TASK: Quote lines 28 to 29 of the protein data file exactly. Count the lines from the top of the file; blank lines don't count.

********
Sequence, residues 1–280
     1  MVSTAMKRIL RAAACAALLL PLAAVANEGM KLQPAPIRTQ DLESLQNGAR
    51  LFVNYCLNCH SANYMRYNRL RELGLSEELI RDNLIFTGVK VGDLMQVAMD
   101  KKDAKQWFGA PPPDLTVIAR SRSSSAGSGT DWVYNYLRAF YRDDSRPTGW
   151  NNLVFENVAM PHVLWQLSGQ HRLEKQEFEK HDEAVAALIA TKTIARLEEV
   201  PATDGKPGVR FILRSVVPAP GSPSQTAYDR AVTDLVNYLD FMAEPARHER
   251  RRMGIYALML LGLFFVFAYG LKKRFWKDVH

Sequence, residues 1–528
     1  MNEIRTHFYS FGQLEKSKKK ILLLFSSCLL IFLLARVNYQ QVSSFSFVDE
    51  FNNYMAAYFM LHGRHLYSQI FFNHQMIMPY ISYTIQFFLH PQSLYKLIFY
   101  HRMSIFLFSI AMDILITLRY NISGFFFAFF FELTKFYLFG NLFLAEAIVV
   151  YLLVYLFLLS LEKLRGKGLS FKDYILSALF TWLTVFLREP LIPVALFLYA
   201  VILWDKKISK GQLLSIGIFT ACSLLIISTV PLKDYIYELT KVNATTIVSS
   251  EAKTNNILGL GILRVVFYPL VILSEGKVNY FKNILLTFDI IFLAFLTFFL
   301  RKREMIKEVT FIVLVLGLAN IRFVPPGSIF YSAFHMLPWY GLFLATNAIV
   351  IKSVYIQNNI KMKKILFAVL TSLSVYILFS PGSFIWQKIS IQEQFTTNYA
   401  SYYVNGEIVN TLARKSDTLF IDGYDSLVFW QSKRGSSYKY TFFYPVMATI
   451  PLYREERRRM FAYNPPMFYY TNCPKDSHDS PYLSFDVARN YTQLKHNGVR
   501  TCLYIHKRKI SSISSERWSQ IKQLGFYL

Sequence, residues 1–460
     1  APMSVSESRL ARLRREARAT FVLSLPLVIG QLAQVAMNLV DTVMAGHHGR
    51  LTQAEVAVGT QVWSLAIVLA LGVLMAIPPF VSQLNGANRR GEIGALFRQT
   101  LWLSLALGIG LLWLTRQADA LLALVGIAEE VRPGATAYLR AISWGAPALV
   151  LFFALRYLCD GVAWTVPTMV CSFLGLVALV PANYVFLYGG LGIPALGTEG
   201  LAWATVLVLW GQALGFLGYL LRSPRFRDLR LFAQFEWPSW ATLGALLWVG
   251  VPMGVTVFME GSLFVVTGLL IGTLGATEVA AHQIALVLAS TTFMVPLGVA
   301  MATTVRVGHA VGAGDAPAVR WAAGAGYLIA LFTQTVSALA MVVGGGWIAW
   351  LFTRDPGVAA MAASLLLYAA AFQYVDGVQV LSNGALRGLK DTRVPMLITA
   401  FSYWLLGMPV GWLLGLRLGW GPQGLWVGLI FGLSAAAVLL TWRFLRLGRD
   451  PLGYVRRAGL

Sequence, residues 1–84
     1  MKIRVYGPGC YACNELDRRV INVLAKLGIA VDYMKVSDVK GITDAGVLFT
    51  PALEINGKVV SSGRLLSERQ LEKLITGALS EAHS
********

   351  LFTRDPGVAA MAASLLLYAA AFQYVDGVQV LSNGALRGLK DTRVPMLITA
   401  FSYWLLGMPV GWLLGLRLGW GPQGLWVGLI FGLSAAAVLL TWRFLRLGRD